It has been 35 years since the late Sheikh Zayed bin Sultan Al Nahyan and Britain’s Queen Elizabeth inaugurated Le Meridien hotel, one of Abu Dhabi’s best-known landmarks.
Le Meridien commemorates three decades in Abu Dhabi with art exhibition
ABU DHABI // It has been 35 years since the late Sheikh Zayed bin Sultan Al Nahyan and Britain’s Queen Elizabeth inaugurated Le Meridien hotel, one of Abu Dhabi’s best-known landmarks.
Having hosted numerous foreign and local dignitaries such as former British prime minister Margaret Thatcher and former French president François Mitterand, the hotel has become famous in the capital.
To commemorate its history, the art exhibition A Journey Through 35 Years will be held in the hotel lobby and showcase exclusive photographs for public viewing.
The hotel, built in 1979, precedes the Corniche and the Abu Dhabi Mall (by more than two decades), and much of the city’s skyline.
Many of the hotel’s staff have been working there for almost as long.
Sous chef Elias Antonios Dagher has been toiling in the kitchens for 28 years. In the mid-1980s, the then 20-year-old left the Le Meridien hotel in Syria to join the newly-opened sister hotel.
Back then, Abu Dhabi was little more than a quiet town in the desert. The hotel has since had three renovations and is due for its fourth in May.
“People here have become like my family,” said Mr Dagher. “I see them more than my family back home, especially my colleagues.”
The familial feeling at the hotel is what draws guests to the hotel for repeat visits, according to him. Those are the guests whose first names staff members know by heart.
“It’s a very special place,” said the chef. “They [the guests] like the history they feel when they come here.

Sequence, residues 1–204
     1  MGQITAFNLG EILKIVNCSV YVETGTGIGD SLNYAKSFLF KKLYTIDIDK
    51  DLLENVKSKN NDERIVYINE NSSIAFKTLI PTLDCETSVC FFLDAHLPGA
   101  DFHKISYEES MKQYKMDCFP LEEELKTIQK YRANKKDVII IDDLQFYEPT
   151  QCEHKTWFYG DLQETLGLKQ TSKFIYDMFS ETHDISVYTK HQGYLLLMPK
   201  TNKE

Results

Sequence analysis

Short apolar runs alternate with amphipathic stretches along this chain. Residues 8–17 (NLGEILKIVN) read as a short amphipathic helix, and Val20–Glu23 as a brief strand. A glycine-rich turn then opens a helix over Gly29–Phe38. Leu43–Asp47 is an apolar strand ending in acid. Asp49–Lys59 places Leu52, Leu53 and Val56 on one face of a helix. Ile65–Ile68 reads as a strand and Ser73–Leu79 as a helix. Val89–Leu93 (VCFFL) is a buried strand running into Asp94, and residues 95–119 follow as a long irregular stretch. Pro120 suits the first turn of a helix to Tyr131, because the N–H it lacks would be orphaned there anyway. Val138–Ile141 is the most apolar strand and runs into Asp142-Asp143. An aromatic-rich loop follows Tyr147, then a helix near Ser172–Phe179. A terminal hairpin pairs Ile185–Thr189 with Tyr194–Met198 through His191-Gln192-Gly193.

“When you walk in the lobby you see the photos of Sheikh Zayed and Queen Elizabeth and feel there’s something historic about the hotel. It represents something to people here.”
In the 1980s there were only three other five-star hotels: the InterContinental, the Sheraton and the Hilton, all hives of activity.
Sainalabdeen Saliabee, 58, has been with the hotel since 1984, and is one of its longest-serving employees.
He began as a driver and now supervises the automotive team. A Keralan, Mr Saliabee remembers clearly the drive to Abu Dhabi from Dubai, where he first came to work as a shopkeeper in 1976.
“It took three hours from the Trade Centre to Abu Dhabi,” he said. “There were just two lanes and it was a very long drive with no shops on the journey. It’s not like things are today. The whole city was much more deserted.”
In the Madinat Zayed area of the city, he remembers the barasti huts, now long gone in favour of blocks of flats, supermarkets, the shopping mall and gold souk.
“I love working here, to meet so many people from so many nationalities,” he said, in spite of having had to leave his wife and two sons behind in India. Now, however, his sons, aged 30 and 22, work in Abu Dhabi.
Mr Saliabee remembers meeting Dr Abdul Kalam, who was India’s president from 2002 to 2007.
“He [Dr Kalam] asked me why I left India,” he said. “I told him it was for a better life. He thought we should be serving our country but he understood.”
Although the hotel wants to retain him, Mr Saliabee thinks his time in Abu Dhabi is drawing to a close. He longs to go home to his wife, who has only been able to visit because Mr Saliabee had no family visa.
Le Meridien will always bring back fond memories for him.
“The hotel has become an icon in Abu Dhabi,” he said. “Anyone who comes to downtown Abu Dhabi wants to see Le Meridien.”
According to Hisham Ishak, the hotel’s marketing manager, its guests are becoming more diverse. Russian and Chinese tourists have added to the usual mix of French, German and British guests, many of whom have been loyal patrons for years.
Mr Ishak said the service consistency of the staff played a big role in the hotel’s success.
“We have nine staff who have been with us for more than 25 years,” he said. “They know these repeat guests on first-name terms. People like that about this hotel.”